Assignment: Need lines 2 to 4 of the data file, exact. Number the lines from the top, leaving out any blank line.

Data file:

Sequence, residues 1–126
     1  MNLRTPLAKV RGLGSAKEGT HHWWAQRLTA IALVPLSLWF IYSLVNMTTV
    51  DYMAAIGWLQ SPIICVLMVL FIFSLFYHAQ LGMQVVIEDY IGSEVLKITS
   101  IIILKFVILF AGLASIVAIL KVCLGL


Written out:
     1  MNLRTPLAKV RGLGSAKEGT HHWWAQRLTA IALVPLSLWF IYSLVNMTTV
    51  DYMAAIGWLQ SPIICVLMVL FIFSLFYHAQ LGMQVVIEDY IGSEVLKITS
   101  IIILKFVILF AGLASIVAIL KVCLGL